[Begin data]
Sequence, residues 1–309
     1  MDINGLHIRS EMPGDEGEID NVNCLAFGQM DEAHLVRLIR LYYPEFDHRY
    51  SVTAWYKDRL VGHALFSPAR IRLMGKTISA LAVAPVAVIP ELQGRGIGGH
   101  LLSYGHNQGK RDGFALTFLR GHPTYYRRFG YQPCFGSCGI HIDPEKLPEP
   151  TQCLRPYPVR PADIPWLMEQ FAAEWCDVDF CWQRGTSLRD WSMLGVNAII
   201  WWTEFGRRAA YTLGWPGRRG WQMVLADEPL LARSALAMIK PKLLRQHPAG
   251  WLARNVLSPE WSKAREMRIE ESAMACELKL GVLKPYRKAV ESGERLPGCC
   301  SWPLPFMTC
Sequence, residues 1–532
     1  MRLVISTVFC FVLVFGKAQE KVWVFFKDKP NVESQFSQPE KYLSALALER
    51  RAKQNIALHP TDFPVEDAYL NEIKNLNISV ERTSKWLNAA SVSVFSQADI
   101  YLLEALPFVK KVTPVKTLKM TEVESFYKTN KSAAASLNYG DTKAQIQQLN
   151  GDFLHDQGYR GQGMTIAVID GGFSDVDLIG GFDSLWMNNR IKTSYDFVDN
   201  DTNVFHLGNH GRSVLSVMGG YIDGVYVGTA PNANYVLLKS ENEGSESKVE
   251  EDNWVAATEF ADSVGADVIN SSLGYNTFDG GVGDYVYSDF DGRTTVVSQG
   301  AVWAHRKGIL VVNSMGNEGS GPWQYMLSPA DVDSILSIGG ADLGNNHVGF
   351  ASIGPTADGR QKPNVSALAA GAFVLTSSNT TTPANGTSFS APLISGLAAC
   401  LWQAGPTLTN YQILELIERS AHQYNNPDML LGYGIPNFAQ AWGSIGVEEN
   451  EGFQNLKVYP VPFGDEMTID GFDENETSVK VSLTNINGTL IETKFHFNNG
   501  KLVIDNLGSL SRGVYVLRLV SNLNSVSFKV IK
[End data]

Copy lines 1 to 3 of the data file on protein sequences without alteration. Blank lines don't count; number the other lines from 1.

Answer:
Sequence, residues 1–309
     1  MDINGLHIRS EMPGDEGEID NVNCLAFGQM DEAHLVRLIR LYYPEFDHRY
    51  SVTAWYKDRL VGHALFSPAR IRLMGKTISA LAVAPVAVIP ELQGRGIGGH